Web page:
Stanford Law Review
In the course of damning the market giant Standard Oil, the Supreme Court declared that the purpose of the Sherman Antitrust Act is to prevent "monopoly and the acts which produce the same result as monopoly." The Constitution's Supremacy Clause, in turn, requires preemption-that is, non-enforcement--of state laws that conflict with a federal statute. Put together, these propositions suggest that state laws which create monopolies should be prime candidates for preemption via the Sherman Act. But despite the syllogistic logic bearing down on them, monopoly-creating state laws have easily weathered most federal antitrust challenges, even when the state does not regulate the price the monopolist charges. The reason is that the Supreme Court's antitrust decisions on state economic regulation have consistently confused two distinct questions: whether market conduct encouraged by state law violates the Sherman Act, and whether state law conflicts with the Sherman Act and thus is preempted. This confusion explains other problems in the Court's antitrust jurisprudence, including the Court's inability to make sense of antitrust claims against municipalities acting as lawmakers rather than market participants. In this article, I describe the sources and consequences of the Court's confusion, and then I propose how to resolve it.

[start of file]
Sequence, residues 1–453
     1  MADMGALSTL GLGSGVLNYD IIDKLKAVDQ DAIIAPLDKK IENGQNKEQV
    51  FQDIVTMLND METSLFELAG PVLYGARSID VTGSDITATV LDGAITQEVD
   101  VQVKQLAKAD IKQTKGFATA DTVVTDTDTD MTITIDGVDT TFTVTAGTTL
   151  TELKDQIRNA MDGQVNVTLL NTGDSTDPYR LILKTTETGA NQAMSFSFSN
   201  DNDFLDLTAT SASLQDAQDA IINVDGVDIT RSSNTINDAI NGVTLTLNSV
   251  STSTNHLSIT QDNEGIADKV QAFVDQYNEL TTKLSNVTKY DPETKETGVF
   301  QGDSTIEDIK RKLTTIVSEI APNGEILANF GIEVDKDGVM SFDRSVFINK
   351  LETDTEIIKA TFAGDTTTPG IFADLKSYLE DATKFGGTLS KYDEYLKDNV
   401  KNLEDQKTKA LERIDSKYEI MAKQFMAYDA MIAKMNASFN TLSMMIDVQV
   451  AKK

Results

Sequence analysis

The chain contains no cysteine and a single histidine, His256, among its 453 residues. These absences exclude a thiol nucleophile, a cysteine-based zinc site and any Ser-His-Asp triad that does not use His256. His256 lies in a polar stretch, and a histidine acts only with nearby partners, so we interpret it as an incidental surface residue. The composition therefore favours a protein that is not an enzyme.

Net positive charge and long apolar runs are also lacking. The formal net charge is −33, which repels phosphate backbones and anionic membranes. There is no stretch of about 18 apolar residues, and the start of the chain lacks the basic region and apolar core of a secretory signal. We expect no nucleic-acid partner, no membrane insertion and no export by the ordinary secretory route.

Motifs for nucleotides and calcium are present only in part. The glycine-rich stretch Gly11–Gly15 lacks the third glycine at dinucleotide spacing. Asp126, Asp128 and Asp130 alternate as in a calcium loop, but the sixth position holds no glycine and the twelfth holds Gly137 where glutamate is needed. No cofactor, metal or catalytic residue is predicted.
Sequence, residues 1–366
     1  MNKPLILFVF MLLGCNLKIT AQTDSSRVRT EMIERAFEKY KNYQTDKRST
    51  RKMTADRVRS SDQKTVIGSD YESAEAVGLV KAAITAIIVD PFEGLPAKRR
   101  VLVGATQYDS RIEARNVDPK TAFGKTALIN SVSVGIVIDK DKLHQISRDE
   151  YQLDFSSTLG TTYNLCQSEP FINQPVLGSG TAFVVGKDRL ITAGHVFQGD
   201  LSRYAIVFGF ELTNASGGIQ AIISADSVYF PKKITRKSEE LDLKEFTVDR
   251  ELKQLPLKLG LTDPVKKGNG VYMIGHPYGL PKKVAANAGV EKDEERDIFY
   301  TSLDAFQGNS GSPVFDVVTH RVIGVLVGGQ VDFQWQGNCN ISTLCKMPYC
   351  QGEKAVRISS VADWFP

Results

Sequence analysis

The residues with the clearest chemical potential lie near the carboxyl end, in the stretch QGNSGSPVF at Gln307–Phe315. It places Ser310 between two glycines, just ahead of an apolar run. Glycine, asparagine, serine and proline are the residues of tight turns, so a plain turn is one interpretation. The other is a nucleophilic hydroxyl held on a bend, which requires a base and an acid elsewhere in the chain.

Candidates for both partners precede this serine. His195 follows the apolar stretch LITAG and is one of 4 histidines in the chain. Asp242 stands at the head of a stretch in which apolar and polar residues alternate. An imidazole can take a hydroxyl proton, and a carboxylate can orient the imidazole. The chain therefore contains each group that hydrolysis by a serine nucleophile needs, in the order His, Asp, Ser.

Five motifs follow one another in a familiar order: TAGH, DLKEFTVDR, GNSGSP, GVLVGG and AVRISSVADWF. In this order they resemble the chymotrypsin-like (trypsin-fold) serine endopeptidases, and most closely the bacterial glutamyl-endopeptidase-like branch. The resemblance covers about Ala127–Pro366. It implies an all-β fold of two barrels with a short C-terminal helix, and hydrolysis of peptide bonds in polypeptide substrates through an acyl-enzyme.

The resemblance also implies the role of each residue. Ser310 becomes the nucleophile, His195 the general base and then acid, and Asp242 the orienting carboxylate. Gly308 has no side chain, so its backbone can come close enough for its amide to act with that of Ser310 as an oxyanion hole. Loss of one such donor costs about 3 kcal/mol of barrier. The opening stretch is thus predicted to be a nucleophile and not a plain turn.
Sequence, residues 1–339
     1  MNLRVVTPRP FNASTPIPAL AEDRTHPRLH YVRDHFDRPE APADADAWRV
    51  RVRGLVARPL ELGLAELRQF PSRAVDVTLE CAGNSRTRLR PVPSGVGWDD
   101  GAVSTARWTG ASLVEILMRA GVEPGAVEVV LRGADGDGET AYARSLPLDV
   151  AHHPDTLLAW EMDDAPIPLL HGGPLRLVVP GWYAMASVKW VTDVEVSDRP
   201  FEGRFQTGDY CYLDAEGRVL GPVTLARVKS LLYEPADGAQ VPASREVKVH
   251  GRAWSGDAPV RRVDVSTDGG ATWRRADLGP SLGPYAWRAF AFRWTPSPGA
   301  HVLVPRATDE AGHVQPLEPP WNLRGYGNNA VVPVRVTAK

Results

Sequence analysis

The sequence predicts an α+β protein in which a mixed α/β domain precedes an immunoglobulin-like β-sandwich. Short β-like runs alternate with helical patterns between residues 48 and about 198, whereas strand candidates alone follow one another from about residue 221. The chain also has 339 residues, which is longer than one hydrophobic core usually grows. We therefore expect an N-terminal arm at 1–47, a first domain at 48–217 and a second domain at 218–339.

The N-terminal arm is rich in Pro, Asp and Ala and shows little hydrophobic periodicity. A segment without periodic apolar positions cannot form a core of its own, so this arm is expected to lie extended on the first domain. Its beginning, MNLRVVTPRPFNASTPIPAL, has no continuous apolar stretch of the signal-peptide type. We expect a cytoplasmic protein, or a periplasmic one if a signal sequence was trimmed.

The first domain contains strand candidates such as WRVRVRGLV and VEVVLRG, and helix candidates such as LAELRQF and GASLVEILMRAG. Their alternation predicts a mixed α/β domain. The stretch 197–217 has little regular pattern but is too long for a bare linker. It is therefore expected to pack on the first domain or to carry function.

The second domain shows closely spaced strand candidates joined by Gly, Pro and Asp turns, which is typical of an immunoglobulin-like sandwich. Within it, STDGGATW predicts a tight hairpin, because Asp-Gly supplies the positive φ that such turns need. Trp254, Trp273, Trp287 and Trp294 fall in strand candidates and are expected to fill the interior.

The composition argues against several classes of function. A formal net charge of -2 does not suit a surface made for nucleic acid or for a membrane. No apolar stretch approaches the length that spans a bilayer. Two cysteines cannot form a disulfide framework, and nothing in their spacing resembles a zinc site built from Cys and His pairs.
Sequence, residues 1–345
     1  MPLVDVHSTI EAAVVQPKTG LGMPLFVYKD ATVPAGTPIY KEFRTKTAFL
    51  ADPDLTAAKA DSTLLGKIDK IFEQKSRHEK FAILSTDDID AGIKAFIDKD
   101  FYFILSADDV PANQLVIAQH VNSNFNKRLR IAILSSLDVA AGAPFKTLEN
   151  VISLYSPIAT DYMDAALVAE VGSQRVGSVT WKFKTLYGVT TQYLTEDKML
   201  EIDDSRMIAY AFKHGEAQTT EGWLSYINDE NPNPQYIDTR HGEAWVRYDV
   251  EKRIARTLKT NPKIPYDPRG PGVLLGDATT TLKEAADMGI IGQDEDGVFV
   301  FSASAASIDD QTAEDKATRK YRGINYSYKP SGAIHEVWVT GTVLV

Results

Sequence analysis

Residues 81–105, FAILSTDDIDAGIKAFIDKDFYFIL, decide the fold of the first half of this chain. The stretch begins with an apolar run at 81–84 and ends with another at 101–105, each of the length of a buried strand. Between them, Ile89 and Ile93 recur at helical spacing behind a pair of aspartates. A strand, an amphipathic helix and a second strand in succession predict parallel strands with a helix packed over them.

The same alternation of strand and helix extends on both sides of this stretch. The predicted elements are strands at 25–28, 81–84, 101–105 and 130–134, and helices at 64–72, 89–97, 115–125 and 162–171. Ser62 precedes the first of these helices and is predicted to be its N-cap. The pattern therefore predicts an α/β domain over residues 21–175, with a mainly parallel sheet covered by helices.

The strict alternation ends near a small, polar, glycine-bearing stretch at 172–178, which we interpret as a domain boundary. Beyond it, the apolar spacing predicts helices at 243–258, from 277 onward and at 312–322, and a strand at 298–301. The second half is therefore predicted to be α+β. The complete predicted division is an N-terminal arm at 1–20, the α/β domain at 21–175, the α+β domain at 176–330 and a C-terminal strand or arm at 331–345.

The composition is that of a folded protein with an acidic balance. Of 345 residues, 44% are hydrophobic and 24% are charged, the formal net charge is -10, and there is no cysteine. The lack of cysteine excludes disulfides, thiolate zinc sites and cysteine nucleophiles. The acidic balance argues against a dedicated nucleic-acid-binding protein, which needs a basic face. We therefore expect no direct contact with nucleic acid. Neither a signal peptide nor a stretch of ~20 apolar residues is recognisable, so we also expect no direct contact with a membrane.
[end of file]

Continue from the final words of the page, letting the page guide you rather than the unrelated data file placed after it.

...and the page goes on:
Antitrust and the Supremacy Clause , 59 Stan. L. Rev. 77
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